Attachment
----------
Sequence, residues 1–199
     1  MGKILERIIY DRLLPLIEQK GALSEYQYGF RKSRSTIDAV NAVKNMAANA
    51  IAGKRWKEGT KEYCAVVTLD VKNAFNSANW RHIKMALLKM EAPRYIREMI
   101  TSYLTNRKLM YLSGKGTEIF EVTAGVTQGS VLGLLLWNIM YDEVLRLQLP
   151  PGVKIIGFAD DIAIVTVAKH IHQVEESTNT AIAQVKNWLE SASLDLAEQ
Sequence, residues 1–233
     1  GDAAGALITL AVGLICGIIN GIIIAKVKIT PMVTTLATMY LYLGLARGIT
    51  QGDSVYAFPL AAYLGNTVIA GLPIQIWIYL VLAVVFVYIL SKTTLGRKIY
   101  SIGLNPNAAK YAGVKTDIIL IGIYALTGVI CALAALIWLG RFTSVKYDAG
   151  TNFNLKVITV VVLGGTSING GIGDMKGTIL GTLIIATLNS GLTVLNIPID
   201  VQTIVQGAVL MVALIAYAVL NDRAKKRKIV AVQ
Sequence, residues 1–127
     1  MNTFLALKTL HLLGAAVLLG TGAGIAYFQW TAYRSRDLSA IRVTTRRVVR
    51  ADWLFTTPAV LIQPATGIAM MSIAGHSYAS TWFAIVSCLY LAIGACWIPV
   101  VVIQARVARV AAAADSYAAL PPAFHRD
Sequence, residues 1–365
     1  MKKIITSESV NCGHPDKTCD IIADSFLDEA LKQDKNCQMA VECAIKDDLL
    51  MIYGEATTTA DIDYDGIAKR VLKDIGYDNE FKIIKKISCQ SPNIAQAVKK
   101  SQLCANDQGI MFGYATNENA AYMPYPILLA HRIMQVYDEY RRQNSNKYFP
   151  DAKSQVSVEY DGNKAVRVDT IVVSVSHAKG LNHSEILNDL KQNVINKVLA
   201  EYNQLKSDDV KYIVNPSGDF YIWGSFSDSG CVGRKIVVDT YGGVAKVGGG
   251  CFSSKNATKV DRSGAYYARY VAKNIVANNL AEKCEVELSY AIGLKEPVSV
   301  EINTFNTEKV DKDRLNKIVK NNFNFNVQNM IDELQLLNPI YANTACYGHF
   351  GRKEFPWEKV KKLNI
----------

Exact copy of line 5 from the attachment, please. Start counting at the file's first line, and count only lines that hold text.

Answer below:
   151  PGVKIIGFAD DIAIVTVAKH IHQVEESTNT AIAQVKNWLE SASLDLAEQ